A total of 21 O. mykiss were captured during the 2011 monitoring season (Figure 3).

 

Daily average flow at Goodwin Dam (GDW) fluctuated during the reporting period ranging between 1,883 cfs and 2,549 cfs, and flow at Ripon (RIP) ranged from 1,907 cfs to 2,470 cfs (Figure 4).

 

Table 3. Biosampling data for Chinook salmon and O. mykiss captured and measured at Oakdale between January 4, 2010 and June 30, 2011.

Flow and Catch  

 

 

 Flow and Catch

Figure 4. Daily Chinook salmon catch at Oakdale, and Stanislaus River flow recorded at Goodwin Dam (GDW) and Ripon (RIP) in 2011.

  

A total of 599 juvenile Chinook salmon and 2 O. mykiss were captured in the Stanislaus River rotary screw trap at Caswell during the 2010/11 monitoring season

 

Daily average flow at at Ripon (RIP) fluctuated during the reporting period ranging between 1,907 cfs to 2,470 cfs (Figure 5).   

  

Flow and Catch

Figure 5. Daily Chinook salmon catch at Caswell, and Stanislaus River flow recorded at Ripon (RIP) in 2010/11.  


 
2010/11 Tuolumne River Juvenile Migration Monitoring

  

Rotary screw trap monitoring at Waterford (RM 30) ended for the season on June 30. Based on total catch of 4,394 juvenile Chinook salmon and the results of four trap efficiency experiments conducted during 2010/11, an estimated 420,971 juvenile Chinook salmon passed downstream of the Tuolumne River rotary screw trap at Waterford during the 2010/11 monitoring season. Average forklengths and weights of all measured Chinook salmon are provided in Table 4.

  

No O. mykiss were captured during the 2010/11 monitoring season.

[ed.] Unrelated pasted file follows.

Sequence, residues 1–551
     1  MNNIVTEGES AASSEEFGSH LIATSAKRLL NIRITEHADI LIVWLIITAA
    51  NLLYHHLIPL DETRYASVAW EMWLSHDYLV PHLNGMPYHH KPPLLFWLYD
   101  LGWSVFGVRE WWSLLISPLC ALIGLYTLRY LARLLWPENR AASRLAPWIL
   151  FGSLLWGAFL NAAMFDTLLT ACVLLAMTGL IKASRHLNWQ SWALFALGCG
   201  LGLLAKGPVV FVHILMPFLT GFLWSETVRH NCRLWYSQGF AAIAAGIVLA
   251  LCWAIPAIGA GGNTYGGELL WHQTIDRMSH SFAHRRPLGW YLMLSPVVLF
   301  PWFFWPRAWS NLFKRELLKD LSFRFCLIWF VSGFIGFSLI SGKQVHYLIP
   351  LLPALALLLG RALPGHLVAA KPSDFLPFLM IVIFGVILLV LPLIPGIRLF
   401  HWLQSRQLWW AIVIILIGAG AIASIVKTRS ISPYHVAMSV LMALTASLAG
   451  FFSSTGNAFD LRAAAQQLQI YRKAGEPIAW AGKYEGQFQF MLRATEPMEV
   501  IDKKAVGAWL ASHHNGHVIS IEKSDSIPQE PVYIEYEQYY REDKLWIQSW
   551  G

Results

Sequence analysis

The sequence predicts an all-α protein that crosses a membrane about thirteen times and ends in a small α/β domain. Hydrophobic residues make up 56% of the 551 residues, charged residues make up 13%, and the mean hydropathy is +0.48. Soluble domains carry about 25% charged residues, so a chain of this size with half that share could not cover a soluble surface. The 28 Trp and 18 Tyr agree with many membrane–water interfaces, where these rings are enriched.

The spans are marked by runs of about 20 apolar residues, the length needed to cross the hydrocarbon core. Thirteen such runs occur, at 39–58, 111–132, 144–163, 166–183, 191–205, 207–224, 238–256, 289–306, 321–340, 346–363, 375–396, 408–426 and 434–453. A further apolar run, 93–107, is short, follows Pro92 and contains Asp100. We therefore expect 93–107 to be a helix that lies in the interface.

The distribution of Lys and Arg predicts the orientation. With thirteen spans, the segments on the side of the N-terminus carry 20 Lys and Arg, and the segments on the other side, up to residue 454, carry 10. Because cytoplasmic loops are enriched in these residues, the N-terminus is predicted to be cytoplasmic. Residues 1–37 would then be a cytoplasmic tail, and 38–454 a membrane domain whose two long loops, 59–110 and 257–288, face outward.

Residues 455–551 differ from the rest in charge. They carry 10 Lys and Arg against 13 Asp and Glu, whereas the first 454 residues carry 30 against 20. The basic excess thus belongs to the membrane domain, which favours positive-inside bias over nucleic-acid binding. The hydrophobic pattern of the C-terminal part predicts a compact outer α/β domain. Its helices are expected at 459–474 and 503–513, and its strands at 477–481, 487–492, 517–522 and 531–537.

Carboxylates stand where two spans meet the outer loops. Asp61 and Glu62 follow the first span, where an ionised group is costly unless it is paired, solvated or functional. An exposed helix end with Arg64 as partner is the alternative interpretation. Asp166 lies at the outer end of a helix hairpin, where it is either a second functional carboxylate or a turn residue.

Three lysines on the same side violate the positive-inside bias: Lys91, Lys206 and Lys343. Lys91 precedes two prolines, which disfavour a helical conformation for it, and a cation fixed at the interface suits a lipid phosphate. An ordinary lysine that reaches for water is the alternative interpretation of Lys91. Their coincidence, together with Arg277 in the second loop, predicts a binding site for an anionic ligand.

Daily average flow at La Grange (LGN) fluctuated from 641 cfs to 3,760 cfs during the reporting period (Figure 6).

  

Table 4. Biosampling data for Chinook salmon captured and measured at Waterford between December 1, 2010 and June 30, 2011. Parentheses indicate range.

Catch Table  

 

 

 Flow and Catch

Figure 6. Daily Chinook salmon catch at Waterford, and Tuolumne River flow recorded at La Grange (LGN) and Modesto (MOD) between December 1, 2010, and August 16, 2011.

 

Rotary screw trap monitoring at Grayson (RM 5) ended for the season on June 30. Based on total catch of 1,645 juvenile Chinook salmon and the results of five trap efficiency experiments conducted during 2011, an estimated 230,198 juvenile Chinook salmon passed downstream of the Tuolumne River rotary screw trap at Grayson during the 2011 monitoring season. Average forklengths and weights of all measured Chinook salmon are provided in Table 5.

 

No O. mykiss were captured during the 2011 monitoring season.

 

Daily average flow at Modesto (MOD) fluctuated from 961 cfs to 4,440 cfs (Figure 7).

 

Table 5. Biosampling data for Chinook salmon captured and measured at Grayson between January 5 and June 30, 2011. Parentheses indicate range.

Catch Table 

 

 Flow and Catch

Figure 7. Daily Chinook salmon catch at Grayson, and Tuolumne River flow recorded at La Grange (LGN) and Modesto (MOD) between January 1 and August 16, 2011.



2010/11 Mokelumne River Juvenile Migration Monitoring

The Mokelumne River rotary screw trap monitoring at Golf (RM 38) ended on July 19. A total of 3,923 juvenile Chinook salmon were captured during the 2011 monitoring season.

Average daily flow at Woodbridge Dam (WBR) decreased during the reporting period ranging from 1,015 cfs to 650 cfs (Figure 8).

 

A total of 188 O. mykiss were captured during the 2011 monitoring season.

 

Flow and Catch
Figure 8. Daily juvenile Chinook catches at Golf and Mokelumne River flow recorded at Woodbridge Dam (WBR), between January 1 and August 16, 2011.


2011 San Joaquin River Juvenile Migration Monitoring